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2015 Chinese GP Post-Race Report
By Adam Cooper
Lewis Hamilton led home Mercedes team mate Nico Rosberg in the Chinese GP, but there was some tension in the camp after the German felt that Lewis had tried to compromise his race.
Rosberg felt that Hamilton had deliberately run slower than he was capable of in order to keep his main title rival under pressure from Ferrari's Sebastian Vettel – to the point where Nico could have found himself pushed down to third place at the pit stops. In the end that didn't happen, but Rosberg made his frustration clear. After the management and drivers discussed the situation in a debrief team boss Toto Wolff insisted that the air had been cleared.
Nevertheless the day provided an intriguing new chapter in the Hamilton v Rosberg story, and it reflected the fact that Ferrari is keeping Mercedes on its toes.
The Mercedes drivers slotted into first and second at the start, but it soon became apparent that Vettel had good pace, and could more or less stay in touch with Rosberg.
The Ferraris had been expected to do a longer opening stint, but in fact Seb was the first to stop. He was around 4s behind Nico when he came in on lap 12 and put on more soft tyres in the search for a little more performance. Mercedes reacted by pitting Hamilton on the next lap, and Rosberg the lap after that. The team had planned to go to the medium prime tyre, believing it would last longer, but the plan was changed and both drivers went for another set of the options. In effect the team had discovered that the soft tyres lasted better than expected.
It was in the middle stint that Rosberg felt that Hamilton should get a move on as he found Vettel looming large in his mirrors – and close enough to be a threat at the next pit stops. Vettel again came in early, pitting on lap 30 and putting on the primes that he had to use for the third and final stint. Again Rosberg came in a lap later, and when he emerged Vettel was almost on his tail – having nearly done enough to claim second.
Meanwhile in the final laps before his stop Hamilton lifted his pace considerably, and he emerged with an extended lead. Was he showing what he had in reserve all along – or just using up the tyres having carefully nursed them having been unsure how they would behave? Rosberg thought the former, but Lewis and the team insisted it was the latter...
“I wasn’t controlling his race, I was controlling my own race,” Hamilton said. “But, great race, I’m really happy. Definitely going into the race we thought it would be a lot closer and we knew the Ferraris were very, very good with their long run pace and also looking after their tyres. So, today the real goal was to manage the tyres. And, as I said, my goal was to look after my car. I had no real threat from Nico through the whole race.”
Lewis stayed comfortably ahead in the final stint, and then the finish became an anti-climax after Max Verstappen's Toro Rosso broke down and stopped on the pit straight. The last three laps were run under the safety car, so the field closed up.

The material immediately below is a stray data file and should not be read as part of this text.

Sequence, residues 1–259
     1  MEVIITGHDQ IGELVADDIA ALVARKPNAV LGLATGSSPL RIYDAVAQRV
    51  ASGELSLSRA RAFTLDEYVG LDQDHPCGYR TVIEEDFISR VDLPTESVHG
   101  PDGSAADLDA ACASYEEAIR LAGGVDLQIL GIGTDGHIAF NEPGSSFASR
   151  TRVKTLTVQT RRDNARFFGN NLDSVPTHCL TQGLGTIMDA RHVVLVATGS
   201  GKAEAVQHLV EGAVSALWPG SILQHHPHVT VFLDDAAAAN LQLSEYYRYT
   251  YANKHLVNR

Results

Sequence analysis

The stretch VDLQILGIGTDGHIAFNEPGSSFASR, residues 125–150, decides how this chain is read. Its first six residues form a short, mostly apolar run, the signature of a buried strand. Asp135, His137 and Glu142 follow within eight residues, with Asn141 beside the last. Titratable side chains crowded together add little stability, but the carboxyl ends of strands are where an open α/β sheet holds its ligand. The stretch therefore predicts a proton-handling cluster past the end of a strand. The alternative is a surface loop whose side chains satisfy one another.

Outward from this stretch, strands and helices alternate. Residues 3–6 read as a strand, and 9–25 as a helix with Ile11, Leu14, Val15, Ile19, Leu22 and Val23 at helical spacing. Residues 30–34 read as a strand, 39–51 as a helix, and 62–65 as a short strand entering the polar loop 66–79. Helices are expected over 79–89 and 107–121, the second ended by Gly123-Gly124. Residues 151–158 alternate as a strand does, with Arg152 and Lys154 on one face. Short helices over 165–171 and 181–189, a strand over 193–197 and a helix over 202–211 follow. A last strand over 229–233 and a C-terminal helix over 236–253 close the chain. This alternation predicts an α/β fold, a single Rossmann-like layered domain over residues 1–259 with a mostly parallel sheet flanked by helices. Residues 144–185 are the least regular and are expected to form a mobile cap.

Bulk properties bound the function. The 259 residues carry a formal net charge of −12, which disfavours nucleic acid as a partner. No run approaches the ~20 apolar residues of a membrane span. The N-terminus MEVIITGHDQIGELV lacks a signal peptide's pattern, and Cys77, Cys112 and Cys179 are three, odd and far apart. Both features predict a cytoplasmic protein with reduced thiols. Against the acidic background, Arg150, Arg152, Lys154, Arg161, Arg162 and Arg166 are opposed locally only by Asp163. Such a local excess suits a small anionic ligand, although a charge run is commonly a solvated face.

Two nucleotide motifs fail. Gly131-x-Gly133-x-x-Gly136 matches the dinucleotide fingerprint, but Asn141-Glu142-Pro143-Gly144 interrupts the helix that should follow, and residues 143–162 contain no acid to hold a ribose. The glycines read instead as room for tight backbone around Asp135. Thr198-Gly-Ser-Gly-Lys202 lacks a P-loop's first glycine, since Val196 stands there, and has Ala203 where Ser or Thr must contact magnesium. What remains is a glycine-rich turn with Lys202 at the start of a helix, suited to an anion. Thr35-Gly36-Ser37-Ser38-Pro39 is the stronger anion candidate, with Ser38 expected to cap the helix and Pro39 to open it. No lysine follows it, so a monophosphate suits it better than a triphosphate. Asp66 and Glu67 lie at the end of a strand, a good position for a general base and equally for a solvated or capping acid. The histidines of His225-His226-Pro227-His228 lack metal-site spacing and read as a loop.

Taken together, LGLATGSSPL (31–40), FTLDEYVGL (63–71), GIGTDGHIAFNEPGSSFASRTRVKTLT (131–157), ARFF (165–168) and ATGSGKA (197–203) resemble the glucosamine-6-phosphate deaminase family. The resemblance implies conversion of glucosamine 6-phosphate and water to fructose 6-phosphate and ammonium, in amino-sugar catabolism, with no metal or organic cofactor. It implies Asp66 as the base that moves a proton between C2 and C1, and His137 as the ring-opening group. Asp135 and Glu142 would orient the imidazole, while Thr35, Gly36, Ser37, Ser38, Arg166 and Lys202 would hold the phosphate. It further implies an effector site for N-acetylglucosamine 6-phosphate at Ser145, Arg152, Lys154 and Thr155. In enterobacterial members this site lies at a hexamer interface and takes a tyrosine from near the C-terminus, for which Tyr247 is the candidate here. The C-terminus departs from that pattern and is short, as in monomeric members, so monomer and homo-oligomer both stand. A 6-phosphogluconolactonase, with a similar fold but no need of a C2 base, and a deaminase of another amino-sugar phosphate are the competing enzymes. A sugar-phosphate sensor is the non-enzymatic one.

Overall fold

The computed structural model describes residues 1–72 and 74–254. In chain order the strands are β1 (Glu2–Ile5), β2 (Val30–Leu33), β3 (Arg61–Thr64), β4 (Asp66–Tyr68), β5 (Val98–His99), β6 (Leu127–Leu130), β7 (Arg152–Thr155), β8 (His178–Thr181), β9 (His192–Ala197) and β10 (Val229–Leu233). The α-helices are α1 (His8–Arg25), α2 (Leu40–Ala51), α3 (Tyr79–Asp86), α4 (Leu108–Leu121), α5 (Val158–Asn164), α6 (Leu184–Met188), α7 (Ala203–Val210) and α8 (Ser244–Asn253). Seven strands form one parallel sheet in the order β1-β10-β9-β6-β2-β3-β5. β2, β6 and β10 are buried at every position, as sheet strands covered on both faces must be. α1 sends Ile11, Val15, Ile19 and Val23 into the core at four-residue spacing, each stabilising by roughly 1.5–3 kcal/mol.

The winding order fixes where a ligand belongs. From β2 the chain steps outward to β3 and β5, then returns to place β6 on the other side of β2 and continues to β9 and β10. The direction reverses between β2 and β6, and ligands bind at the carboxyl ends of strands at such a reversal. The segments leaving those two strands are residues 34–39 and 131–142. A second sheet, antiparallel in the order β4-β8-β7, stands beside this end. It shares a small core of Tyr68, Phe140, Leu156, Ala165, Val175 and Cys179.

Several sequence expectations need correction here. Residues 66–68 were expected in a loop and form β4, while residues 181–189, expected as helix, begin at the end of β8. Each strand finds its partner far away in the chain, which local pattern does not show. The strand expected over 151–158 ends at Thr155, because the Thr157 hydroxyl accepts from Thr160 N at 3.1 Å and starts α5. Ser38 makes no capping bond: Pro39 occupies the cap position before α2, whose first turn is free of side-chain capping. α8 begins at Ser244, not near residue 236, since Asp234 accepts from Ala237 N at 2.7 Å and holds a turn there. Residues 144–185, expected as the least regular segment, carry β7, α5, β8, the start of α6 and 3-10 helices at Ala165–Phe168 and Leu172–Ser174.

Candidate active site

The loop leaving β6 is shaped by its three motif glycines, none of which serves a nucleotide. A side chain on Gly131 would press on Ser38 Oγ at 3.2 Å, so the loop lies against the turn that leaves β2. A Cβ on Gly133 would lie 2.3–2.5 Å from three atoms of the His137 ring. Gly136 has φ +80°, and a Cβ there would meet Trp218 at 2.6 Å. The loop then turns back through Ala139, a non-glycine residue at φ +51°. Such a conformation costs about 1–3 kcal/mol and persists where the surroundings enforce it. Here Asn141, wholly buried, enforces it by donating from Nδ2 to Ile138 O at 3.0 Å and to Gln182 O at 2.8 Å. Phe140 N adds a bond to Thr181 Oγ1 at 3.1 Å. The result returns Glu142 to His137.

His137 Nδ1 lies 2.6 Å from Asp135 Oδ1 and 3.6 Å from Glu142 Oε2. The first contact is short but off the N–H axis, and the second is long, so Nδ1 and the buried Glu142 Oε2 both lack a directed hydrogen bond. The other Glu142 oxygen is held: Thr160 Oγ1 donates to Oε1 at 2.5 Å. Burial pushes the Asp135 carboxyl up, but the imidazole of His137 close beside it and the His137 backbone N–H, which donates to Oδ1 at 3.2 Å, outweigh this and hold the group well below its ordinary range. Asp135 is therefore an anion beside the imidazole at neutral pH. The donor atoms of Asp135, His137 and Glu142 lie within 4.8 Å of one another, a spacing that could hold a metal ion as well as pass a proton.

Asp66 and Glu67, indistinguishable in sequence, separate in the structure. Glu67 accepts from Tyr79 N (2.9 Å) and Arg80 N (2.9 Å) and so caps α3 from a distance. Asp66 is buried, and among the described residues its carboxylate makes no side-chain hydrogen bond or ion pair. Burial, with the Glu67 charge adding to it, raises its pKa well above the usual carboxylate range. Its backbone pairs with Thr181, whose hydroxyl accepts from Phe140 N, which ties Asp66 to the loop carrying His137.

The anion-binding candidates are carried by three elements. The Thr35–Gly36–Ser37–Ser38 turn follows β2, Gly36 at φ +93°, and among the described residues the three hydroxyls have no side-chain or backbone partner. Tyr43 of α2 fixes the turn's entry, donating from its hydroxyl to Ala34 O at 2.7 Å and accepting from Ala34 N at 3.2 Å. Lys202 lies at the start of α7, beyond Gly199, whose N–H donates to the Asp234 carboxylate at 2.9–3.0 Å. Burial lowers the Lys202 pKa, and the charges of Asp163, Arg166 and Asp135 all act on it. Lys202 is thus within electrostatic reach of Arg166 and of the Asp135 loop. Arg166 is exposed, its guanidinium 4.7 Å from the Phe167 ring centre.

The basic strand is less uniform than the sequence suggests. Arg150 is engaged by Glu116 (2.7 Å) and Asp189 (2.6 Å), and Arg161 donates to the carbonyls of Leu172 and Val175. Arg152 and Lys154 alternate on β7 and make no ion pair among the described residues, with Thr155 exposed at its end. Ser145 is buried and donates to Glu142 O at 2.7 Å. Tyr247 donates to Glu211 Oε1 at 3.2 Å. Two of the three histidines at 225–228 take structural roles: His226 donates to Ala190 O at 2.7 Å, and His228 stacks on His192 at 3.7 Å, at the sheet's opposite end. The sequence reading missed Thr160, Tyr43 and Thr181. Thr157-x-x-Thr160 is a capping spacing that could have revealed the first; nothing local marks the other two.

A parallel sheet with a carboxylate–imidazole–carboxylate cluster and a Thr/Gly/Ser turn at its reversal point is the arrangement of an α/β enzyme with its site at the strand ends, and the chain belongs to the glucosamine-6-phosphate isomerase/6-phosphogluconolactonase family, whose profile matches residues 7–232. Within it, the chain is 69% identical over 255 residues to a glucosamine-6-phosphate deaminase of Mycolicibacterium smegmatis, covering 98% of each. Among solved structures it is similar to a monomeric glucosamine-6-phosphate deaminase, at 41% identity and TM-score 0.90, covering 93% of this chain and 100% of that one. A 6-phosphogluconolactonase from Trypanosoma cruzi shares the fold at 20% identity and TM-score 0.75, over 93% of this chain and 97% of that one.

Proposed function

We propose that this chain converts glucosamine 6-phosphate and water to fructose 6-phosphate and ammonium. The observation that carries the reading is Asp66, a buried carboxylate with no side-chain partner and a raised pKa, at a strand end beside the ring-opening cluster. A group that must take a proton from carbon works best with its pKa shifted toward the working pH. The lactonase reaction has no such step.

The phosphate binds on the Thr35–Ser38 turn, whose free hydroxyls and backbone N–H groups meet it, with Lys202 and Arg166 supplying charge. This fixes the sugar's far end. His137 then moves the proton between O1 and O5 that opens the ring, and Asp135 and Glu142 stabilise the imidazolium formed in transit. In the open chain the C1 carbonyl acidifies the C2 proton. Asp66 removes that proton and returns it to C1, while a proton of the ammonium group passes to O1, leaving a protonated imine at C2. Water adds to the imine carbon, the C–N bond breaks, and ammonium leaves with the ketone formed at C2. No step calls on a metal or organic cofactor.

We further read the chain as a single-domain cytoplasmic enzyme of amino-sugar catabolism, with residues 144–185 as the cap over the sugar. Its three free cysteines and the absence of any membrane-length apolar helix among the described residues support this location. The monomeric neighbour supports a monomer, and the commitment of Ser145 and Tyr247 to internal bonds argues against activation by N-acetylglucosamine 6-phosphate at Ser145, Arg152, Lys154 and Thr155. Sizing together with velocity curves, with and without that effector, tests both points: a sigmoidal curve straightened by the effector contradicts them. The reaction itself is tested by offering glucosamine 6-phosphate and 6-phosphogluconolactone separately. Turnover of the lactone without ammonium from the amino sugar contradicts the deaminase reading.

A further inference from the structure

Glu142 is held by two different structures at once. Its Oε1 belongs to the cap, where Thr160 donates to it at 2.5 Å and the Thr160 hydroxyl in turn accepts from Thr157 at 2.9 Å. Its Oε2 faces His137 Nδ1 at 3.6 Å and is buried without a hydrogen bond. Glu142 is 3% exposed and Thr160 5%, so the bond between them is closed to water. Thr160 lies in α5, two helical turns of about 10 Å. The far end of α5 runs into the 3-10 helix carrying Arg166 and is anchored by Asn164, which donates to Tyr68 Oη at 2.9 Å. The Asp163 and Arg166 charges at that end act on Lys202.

Behind the Mercedes duo Vettel earned third place and his third podium of the year, while a great first lap that saw him pass both Felipe Massa and Valtteri Bottas allowed Kimi Raikkonen to claim fourth. Before the safety car the Finn had been just a couple of seconds behind his team mate. Indicating that he is finding his form.
Williams clearly could not match the pace of the Ferraris, and Massa and Bottas were well behind in fifth and sixth before the safety car closed the field up. Romain Grosjean had a straightforward race for Lotus and logged his first points since Monaco last year with seventh place.
Sauber again showed good form as both Felipe Nasr and Marcus Ericsson made it into the points in eighth and 10th, split by the Red Bull of Daniel Ricciardo. The Aussie had started seventh but he dropped as low as 17th at the start when he bogged down badly off the line.
Sergio Perez finished 11th for Force India, while Fernando Alonso was 12th as McLaren managed to get both cars to the finish line. However it was not a straightforward race for Jenson Button as the Briton had a collision with Pastor Maldonado. He was lucky to get going again, but after finishing 13th he was demoted to 14th by a penalty. Maldonado meanwhile had a wild race that saw him miss the turn at the pit entry and have to be retrieved by marshals. Later he also had a spin, which is why he found himself battling with the McLarens.
Verstappen was the unluckiest man of the day. The rookie made some great passes in the fraught midfield battle and was heading for an excellent eighth when the Renault V6 failed on him. A similar problem had earlier stopped RBR's Daniil Kvyat on what was a frustrating day for Renault.
Adam Cooper has been a motor racing journalist for 30 years. In his early days, he covered a variety of categories, including the WEC and IndyCars, and he also spent two years in Japan. He then focussed on F1, and has been to every Grand Prix since 1994. A regular contributor to Autosport, Autoweek and www.motorsport.com, he has also written several books, including a biography of 60s racer Piers Courage.